A technology whose time has come, has been with us for a long time
With its introduction in the 1960s and emergence as the prominent model of computing in the 1970s, time-sharing represented a major technological shift in the history of computing—many users being able to share one computer. The sharing was done on a time-sharing basis called a slice. Later developments modified that approach to load bearing and priority interrupts, but the basic concept of sharing a single resource was unchanged. (The concept was first described publicly in early 1957 by Bob Bemer (CHK) as part of an article in Automatic Control Magazine.)
Time-sharing exposed a well-known, emperor’s-new-clothes kind secret: even in the 1960s we had more computing power than we knew what to do with, so sharing it was efficient. However, the slow I/O devices were all text-based, whether paper or CRT.
By the 1970s we were getting graphical. Computers could draw pictures, and we wanted that. But it was a zoo, and no two systems were the same in terms of operating system, terminal type, or language. To overcome those structural limitations, some bright people at MIT developed the X Window system in 1984. X provides the basic framework for a GUI environment: drawing and moving windows on the display device and interacting with a mouse and keyboard. X is an architecture-independent system for remote graphical user interfaces and input device capabilities. Each person using a networked terminal has the ability to interact with the display with any type of user input device.
Apple and Windows took over the market as we moved to personal computers, and the idea and need to share resources was forgotten, except in the supercomputer area where resources were still precious.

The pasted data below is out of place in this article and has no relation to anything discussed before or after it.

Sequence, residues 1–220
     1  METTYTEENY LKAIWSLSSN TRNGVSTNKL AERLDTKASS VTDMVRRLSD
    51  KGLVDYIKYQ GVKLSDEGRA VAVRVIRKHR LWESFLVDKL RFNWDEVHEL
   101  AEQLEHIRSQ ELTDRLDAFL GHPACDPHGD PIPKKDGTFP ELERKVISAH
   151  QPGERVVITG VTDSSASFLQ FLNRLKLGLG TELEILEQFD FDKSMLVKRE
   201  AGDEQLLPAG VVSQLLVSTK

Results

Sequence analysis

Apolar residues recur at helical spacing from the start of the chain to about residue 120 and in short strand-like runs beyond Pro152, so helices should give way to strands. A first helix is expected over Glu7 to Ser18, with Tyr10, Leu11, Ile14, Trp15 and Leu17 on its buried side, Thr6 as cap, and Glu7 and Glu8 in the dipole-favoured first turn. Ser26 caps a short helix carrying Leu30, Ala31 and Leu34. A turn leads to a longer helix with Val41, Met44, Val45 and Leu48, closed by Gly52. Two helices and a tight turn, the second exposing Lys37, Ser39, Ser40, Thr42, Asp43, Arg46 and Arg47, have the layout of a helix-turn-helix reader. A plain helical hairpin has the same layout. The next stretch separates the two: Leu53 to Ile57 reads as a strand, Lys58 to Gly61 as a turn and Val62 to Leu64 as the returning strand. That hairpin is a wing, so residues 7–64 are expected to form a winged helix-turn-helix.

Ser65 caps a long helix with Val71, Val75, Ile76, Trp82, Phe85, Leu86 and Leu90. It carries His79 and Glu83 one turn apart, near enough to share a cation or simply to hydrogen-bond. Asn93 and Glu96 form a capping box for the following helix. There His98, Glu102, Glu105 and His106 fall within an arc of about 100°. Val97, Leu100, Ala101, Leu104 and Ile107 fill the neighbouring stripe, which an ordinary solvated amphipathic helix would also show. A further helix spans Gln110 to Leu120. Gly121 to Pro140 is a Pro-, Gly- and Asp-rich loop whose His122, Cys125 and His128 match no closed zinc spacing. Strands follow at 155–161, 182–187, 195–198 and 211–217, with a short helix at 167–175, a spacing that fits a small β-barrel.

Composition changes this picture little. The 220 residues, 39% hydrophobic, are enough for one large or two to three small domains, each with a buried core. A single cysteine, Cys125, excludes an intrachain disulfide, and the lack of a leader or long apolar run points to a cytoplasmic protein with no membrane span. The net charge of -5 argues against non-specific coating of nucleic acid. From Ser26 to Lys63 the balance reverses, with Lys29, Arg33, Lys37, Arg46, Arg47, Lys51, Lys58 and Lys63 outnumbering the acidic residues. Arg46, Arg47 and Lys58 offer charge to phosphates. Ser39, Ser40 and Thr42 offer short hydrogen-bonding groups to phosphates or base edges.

But the need to collaborate and share information never went away, and the use of graphics only intensified. However, it was extremely difficult to share a highly rendered 3D model with someone else in real time. HP offered its Remote Graphics (RGS) capability in 1984, and although it worked fine, the bandwidth just wasn’t there to make it viable for a large number of users. However, HP never gave up, and today their RGS is a viable contender.
While the industry struggled with limited bandwidth, we developed alternative solutions for getting an image from point A to point B, and that was to simply send the coordinate date and reconstruct it at the client. But then a funny thing happened. The models kept getting bigger (lots and lots of coordinates and materials information), while at the same time bandwidth improved. The net result was it became more economical to ship an image than the model.
That was the tipping point for remote graphics in the server and the virtualization of the GPU.
With virtualization of the GPU, the user now has the choice of one GPU per user, multiple GPUs per use, or multiple users per GPU. And that can be allocated on an as-needed workload basis. What’s more, with the VDI—the virtual device interface—this then allows the server to send its results to almost any device that can get on the Internet— making it possible to work anywhere, anytime, on any machine.
Not only can the user work anywhere anytime, he or she can allocate his or her machine, with its data, to other people to access. Virtualization, as implemented via a VDI, now makes all machines and all databases ubiquitous, universal, and utilizable. The load-balancing opportunities are astounding; all those cores we’ve been buying and let¬ting sit idle now can be harnessed, each to its ability and each to his or her need. This is the new wave of computing and computing demoralization.